In a classic scene from the first episode of the Cosby Show, Theo tells his father that he isn’t going to college. Using Monopoly money, Dr. Huxtable explains the cost of life and the insufficiency of a “regular” salary of someone without a college education.
The scene works in part because of the obvious financial advantages of going to college. This episode first aired on September 20, 1984. For thirty years, the question of the value of college has been settled. How do I know? Cliff Huxtable told me so.
Yet, it seems every few months there is a story in the press questioning the value of college such as this one from The Economist back in April.
I’m all for debate. We have serious issues facing how we finance higher education as I’ve detailed in this space before. We should debate these questions. However, the constant stories about whether college is worth it aren’t a debate. Put simply, they are dangerous.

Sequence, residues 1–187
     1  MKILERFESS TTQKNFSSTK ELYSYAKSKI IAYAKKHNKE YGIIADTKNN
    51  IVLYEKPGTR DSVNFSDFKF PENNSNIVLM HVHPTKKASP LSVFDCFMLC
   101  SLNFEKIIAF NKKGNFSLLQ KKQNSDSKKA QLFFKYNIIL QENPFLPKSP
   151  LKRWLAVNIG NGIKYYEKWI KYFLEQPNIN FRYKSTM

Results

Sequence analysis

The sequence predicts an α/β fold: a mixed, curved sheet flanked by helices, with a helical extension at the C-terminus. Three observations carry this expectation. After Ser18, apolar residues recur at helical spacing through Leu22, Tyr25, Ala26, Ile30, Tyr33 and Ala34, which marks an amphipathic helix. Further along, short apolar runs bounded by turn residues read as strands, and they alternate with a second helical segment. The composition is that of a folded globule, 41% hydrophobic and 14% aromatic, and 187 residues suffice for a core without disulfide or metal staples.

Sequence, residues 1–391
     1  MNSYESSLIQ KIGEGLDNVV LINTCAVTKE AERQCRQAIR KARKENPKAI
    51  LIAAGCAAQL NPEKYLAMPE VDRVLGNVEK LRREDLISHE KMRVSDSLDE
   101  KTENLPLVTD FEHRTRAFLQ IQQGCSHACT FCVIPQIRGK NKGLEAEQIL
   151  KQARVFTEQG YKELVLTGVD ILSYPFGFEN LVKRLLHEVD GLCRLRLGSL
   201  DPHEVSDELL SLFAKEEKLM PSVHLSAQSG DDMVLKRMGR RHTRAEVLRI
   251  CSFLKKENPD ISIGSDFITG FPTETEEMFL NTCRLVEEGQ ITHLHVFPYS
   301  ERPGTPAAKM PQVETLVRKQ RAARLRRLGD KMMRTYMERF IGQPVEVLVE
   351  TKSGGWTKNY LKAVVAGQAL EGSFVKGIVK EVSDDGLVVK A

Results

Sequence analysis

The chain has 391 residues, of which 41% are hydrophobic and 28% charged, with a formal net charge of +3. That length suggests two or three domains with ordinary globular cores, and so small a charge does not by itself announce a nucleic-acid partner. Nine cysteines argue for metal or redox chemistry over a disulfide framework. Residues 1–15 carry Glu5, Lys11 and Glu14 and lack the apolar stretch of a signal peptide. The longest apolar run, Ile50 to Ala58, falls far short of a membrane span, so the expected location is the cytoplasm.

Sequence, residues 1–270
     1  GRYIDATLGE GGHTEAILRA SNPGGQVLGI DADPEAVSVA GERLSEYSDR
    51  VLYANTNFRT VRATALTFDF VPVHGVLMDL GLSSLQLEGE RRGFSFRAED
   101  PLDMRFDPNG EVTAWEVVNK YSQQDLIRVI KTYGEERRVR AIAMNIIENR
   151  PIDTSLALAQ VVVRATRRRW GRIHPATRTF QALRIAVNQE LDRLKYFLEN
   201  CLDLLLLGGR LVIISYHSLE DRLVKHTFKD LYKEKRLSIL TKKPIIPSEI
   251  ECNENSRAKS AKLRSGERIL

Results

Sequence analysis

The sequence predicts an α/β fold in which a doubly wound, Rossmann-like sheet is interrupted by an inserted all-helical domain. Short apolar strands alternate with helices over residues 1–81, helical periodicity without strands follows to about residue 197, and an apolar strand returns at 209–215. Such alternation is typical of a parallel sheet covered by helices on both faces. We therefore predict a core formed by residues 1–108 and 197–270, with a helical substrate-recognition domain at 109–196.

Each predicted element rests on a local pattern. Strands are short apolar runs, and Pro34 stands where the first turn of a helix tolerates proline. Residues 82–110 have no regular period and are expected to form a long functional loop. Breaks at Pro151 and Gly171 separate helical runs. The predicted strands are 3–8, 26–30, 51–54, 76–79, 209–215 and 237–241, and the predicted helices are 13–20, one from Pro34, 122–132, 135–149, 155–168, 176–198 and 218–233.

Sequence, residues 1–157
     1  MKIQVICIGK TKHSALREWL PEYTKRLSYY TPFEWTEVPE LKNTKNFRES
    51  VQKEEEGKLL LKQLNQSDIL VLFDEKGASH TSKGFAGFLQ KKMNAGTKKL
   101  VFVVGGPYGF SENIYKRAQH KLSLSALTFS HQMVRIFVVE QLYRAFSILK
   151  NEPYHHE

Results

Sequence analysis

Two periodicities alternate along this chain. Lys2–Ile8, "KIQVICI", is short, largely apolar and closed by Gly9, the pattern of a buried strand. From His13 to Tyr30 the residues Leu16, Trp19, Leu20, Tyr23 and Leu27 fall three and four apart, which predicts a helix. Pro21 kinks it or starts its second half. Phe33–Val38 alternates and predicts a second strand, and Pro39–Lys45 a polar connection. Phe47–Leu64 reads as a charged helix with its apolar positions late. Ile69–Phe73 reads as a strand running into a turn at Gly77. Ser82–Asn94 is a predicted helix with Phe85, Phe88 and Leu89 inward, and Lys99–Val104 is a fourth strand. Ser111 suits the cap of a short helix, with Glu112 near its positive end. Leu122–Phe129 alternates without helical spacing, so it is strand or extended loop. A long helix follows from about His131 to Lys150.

In last week’s post, I described the major concepts in higher education finance: costs, price, and subsidy. Today, I describe the current trend data to provide additional context to the debate on higher education costs and price.
Photo credit: goshehe
There are some great resources out there that report on these data each year. I highly recommend you check out the Delta Cost Project and the College Board which use the best information we have available to report on the trend of rising tuition.
Who pays for higher education? This is a loaded question and on the minds of many these days. President Obama, many governors, parents, and students all want to understand why tuition keeps climbing. As is the case with many vexing problems, the answer to this question is a complicated one.
Photo credit: Ken Wilcox
In today’s post, I will explain the basics of costs, price, and subsidy in higher education. On Monday, I will detail the current state of higher education costs and price.